Outdoor brooders

Discussion in 'Raising Baby Chicks' started by cityfeet, Dec 31, 2016.

  1. cityfeet

    cityfeet New Egg

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    Mar 15, 2015
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    In February I have 20 chicks coming. In the past I've had the brooder indoors but learned how dusty that gets everything so I don't want it in the house this time. I'm thinking of building a brooder outside and running power to a heat lamp hanging into the brooder.

    If I buy the sheets of insulation at Lowe's and line the walls with it, do you think that would be sufficient to contain heat generated from the lamp so we don't lose any?
     
  2. Pork Pie Ken

    Pork Pie Ken Monkey Business Premium Member

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    Lamps are not necessarily the best / safest (particularly for outdoor brooding). What may serve you better is to search for the "Mama heating pad - picture heavy" thread and read there. The system included there is much safer, and will mitigate the need for additional insulation. Just pointing you in the direction of an alternative approach - thats all.

    Good luck
     
  3. cityfeet

    cityfeet New Egg

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    Much appreciated. I'll check it out.

    We lost 1/3 of our first flock using the Brinsea. It was disappointing because it had such good reviews. We switched to the heat lamp and haven't had problems since. They do the job well but I am concerned about the fire hazard so I'm willing to look at any other options. Thanks!
     
  4. Pork Pie Ken

    Pork Pie Ken Monkey Business Premium Member

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    Sorry to hear about the Brinsea brooder. I use a similar thing and have not suffered similar problems. I also know quite a few members here on BYC that use them. Personally, I'd write to Brinsea and describe how you were using it and ask for their feedback. They are very good at responding - that much i know.
     
  5. azygous

    azygous Chicken Obsessed

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    You need to understand you are providing a heat source for baby chicks to warm themselves, not heating an entire space. Think stove top burner vs oven. Or hot water bottle vs oven. Or heating pad vs oven.

    Chicks already are heated by their own internal combustion from their food source. But the thing they lack is the outer insulation to retain their body heat. So we provide a heat source for them to warm under when they begin to lose body heat. That's the principle of the brooder. Heating the entire space may result in overheating if the chicks aren't able to shed excess heat in a cool part of their brooding space.

    Now, as CT pointed out, the heating pad system is superior to a heat lamp. Why? Because it more closely replicates the natural heat source of a broody hen. The difference between your Brinsea and the heating pad cave is the MHP provides direct contact so the chicks are able to transfer heat from source to their bodies much more efficiently. It's also dark and secure feeling like being under a warm hen.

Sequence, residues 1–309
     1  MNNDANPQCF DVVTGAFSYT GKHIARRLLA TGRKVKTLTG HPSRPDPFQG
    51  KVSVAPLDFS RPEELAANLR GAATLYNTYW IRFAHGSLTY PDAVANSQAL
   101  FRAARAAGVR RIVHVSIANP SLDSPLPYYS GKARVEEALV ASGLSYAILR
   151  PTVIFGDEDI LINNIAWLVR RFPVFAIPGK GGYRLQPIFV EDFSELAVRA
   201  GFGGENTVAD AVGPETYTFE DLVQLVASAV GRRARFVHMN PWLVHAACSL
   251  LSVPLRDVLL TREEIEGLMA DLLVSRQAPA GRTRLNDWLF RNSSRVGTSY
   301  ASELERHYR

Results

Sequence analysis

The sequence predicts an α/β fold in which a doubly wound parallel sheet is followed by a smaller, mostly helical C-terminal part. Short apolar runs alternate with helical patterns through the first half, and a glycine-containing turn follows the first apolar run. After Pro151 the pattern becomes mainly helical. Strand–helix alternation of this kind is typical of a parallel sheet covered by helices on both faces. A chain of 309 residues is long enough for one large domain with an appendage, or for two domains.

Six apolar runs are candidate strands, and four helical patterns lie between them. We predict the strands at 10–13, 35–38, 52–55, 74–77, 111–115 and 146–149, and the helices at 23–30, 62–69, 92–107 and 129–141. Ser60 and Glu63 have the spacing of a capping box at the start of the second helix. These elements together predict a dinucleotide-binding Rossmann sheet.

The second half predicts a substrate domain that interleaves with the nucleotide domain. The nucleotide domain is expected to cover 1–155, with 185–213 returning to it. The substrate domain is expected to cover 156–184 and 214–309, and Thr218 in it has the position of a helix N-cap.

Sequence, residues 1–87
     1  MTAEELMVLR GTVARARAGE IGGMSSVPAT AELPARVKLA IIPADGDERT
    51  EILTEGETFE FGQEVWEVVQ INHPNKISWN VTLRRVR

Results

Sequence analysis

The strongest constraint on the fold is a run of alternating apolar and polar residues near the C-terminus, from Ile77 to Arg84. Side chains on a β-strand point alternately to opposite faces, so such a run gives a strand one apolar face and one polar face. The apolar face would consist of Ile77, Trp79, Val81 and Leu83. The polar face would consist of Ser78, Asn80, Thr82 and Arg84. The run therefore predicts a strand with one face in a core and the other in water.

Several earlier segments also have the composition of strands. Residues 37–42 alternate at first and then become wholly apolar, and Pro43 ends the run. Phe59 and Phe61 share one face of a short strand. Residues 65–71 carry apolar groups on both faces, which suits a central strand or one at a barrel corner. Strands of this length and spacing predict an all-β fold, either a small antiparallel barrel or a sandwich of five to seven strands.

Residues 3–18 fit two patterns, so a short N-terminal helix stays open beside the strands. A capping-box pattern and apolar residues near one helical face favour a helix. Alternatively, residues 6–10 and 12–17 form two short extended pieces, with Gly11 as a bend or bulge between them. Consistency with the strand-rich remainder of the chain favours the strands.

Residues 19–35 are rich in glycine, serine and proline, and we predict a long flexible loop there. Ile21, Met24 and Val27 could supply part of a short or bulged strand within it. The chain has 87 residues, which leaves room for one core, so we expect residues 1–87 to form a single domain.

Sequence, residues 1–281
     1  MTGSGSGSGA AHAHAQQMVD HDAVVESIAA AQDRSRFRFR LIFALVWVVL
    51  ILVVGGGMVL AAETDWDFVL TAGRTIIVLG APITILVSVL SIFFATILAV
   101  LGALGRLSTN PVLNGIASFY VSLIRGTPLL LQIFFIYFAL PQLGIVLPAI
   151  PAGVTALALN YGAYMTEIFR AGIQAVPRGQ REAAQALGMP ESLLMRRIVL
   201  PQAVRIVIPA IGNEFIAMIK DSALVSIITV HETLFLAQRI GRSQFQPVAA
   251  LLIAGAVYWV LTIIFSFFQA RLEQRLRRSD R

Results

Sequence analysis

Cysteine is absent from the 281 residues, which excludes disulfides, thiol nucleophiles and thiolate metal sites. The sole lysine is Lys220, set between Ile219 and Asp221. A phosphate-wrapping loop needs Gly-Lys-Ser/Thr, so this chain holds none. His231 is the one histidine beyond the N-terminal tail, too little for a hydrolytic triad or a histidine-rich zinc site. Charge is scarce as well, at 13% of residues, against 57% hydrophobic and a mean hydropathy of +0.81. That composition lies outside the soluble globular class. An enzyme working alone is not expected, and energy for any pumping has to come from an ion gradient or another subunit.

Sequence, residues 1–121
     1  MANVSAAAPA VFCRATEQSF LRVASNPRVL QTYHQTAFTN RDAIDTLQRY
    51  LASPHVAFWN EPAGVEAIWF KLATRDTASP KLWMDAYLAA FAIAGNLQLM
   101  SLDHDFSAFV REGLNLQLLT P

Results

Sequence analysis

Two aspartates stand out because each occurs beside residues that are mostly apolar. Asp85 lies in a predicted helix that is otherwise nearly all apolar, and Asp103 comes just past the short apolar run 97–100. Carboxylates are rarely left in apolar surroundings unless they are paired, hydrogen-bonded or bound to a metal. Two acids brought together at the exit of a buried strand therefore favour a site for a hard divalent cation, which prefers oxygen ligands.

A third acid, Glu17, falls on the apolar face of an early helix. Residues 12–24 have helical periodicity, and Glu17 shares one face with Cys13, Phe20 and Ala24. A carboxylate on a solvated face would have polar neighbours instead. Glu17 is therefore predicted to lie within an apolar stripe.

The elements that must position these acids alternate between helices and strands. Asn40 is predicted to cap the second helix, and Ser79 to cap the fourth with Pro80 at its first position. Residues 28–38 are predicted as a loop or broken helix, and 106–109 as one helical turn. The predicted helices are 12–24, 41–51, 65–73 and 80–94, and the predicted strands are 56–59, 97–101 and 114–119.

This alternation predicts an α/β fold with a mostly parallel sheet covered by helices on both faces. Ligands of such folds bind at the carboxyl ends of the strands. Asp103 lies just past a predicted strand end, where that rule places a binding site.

With 20 chicks you would likely require a double setup. They also sell extra large pads. The only requirement is the pad must have a "stay-on" feature. The thread on the subject is right here on this forum "Mama Heating Pad for the Brooder". Check it out.

    I have written an article on outdoor brooding you might also be interested in looking at. It's liked below this post.
     
  6. Ridgerunner

    Ridgerunner Chicken Obsessed

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    I use heat lamps and brood “outside” but there are many other ways you can provide heat. Any time you use electricity you need to use certain basic precautions. Keep it dry and make sure your connections are OK. Make sure your wiring and fittings are in good shape. If you have a plug-in where the chickens can get to it, make sure they can’t unplug it by playing on it. I toss the clamp that came with the heat lamp so I’m not even tempted to use it, I wire my heat lamps in place so they cannot fall. You need to use the same basic safety measures whether you breed indoors or outdoors, but outdoors can present some additional challenges.

    Brooding outside presents certain challenges you don’t get indoors, mainly because of temperature swings. My brooder is built into my main coop. I sometimes brood in it during February. I can have days in the 60’s F or days in single digits. There is no way I can keep the entire brooder the same temperature, but you don’t have to. I make the brooder big enough and wrap it so I can keep one area warm enough in the coldest temperatures and another area cool enough in the warmest temperatures. I find straight out of the incubator the chicks are really good at self-regulating their heat as long as they have a choice. I use heat lamps but others use hovers, emitters, heating pads, and who knows how many other things and methods to provide a warm spot. If they are set up right they all work. They all mimic how a broody hen does it. She does not warm the entire universe for her chicks, she provides a warm spot for them to go to. Whatever method you use, that’s what you are shooting for.

    Some of the additional issues you might face outside include predator protection and wind protection, depending on what “outside” means to you. You need to keep the brooder dry whether indoor or out.